If you only have triads then the chord on the fifth scale degree is the same in both Lydian and Ionian/major. But when you turn it into seventh chords then you’ll see a difference.

In C major / Ionian, we have a G Dominant seventh chord while in Lydian we have a G major seven chord.

Harmonies in C major with seventh chords
Harmonies in C major with seventh chords
Harmonies in C Lydian with seventh chords
Harmonies in C Lydian with seventh chords

Chord progression No. 1 in C major (with borrowed D major)

When you want to make your chord progression brighter and more radiant, then combining the Lydian mode and Ionian is exactly the way to go! In Ionian, the chord on the 2nd scale degree is a minor chord. While in the Lydian mode, the chord on the 2nd scale degree is a major chord. When you add this major chord it opens up the progression.

Normal C major chord progression
Normal C major chord progression
C major chord progression with borrowed chord D major (from C Lydian)
C major chord progression with borrowed chord D major (from C Lydian)

Adding a melody to chord progression No. 1

With your melody, you can accentuate this new borrowed chord. And when you do this it will double the impact. I guarantee it! First, find which note is different between the two chords. Then use that one in your melody when the borrowed chord also sounds. When they sound together you really cannot miss it!

Original melody in C major
Original melody in C major
Melody in C major with added F# (from C Lydian)
Melody in C major with added F# (from C Lydian)

Chord progression No. 2 in D major (with added C#m)

What I love about the Lydian mode and its harmonies is that it has this beautiful and soft minor chord on the 7th scale degree. You can use this instead of the harsh half-diminished chord that you have in the regular major scale harmonies. This minor chord creates a subtle sound that pulls you back to the tonic chord.

Original D major chord progression
Original D major chord progression
D major chord progression with added C#m (from D lydian)
D major chord progression with added C#m (from D Lydian)

Chord progression No. 3 in Eb major (with borrowed Bbmaj7)

When we use seventh chords we can see that the chord on the 5th scale degree is also different. In major we have a Bb seven chord, or Bb dominant chord. While in Lydian we have a Bb major seventh chord.

Normal Eb major chord progression
Normal Eb major chord progression

Conclusion

Whenever you’re stuck on a chord progression or if you don’t feel creative then see if you can borrow a chord from a different mode. Like in this case from the Lydian mode. Modal mixture or modal interchange is easy to use and you will be surprised by the results. You can now add this musical mode trick to your songwriting and composing toolbox. Don’t wait and use them in your next song or composition.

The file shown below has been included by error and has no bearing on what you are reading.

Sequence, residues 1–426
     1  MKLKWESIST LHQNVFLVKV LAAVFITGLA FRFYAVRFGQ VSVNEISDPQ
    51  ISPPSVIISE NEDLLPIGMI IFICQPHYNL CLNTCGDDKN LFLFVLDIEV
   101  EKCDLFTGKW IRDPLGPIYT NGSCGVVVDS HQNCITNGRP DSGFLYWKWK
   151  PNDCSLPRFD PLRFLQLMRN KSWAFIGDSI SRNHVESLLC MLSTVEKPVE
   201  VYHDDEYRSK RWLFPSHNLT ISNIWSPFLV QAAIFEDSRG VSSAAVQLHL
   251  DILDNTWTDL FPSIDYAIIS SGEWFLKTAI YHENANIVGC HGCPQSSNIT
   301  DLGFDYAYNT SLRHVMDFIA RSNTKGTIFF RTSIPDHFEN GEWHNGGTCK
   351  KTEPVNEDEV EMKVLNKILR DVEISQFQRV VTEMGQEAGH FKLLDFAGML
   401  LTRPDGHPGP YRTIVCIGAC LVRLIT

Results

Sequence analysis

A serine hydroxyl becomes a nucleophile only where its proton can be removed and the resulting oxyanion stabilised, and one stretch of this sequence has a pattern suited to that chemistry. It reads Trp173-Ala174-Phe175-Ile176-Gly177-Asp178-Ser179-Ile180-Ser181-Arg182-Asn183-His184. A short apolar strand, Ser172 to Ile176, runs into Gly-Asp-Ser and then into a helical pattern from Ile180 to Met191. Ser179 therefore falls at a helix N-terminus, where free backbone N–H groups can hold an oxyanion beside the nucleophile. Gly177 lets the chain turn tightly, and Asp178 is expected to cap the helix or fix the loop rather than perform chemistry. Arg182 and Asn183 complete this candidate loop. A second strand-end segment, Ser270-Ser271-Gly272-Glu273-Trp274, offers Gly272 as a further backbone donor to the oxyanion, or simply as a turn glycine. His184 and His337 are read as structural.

Are you interested in more videos about the musical modes? Check out my other articles and videos on the Phrygian, Lydian, Mixolydian, Aeolian and Dorian modes. Check out my videos on how to make Phrygian melodies.

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Yes, basically it is. If you have a regular major or Ionian scale, you just raise the fourth scale degree with half a step. In C major this will turn the F into an F#.

The chord on the fourth scale degree changes from an F major to an F half-diminished chord. The Lydian mode is also referred to as being the fourth mode from the major scale. But I prefer not to approach modes this way.

The Lydian mode formula is Whole step – Whole step – Whole step – Half step – Whole step – Whole step – Half step. If you translate this to the notes of the C Lydian scale it would be C – D – E – F# – G – A – B

You can apply this theory to any key in which you want to write music. Now you know how to make a Lydian scale on any instrument.

The Lydian scale sounds like the major scale, but instead of a perfect fourth, it has an augmented fourth. This augmented fourth creates more tension and attraction towards the fifth note in the scale, which is a perfect fifth.

The Lydian mode has many different sounds. It can sound colourful and ‘jazzy’. But you can also create beautiful and melancholic music with it. It’s not without reason that many composers and songwriters prefer the Lydian mode over the Ionian mode.

The Lydian scale is its own identity. But you can place it in the family of major-oriented scales. This is because all major scales have a major third. So it belongs to the same group of music modes as Ionian and Mixolydian.

Suggested Video Tutorial: The Key Elements for a Sad Song and Melancholic Music in 97 Seconds

YouTube video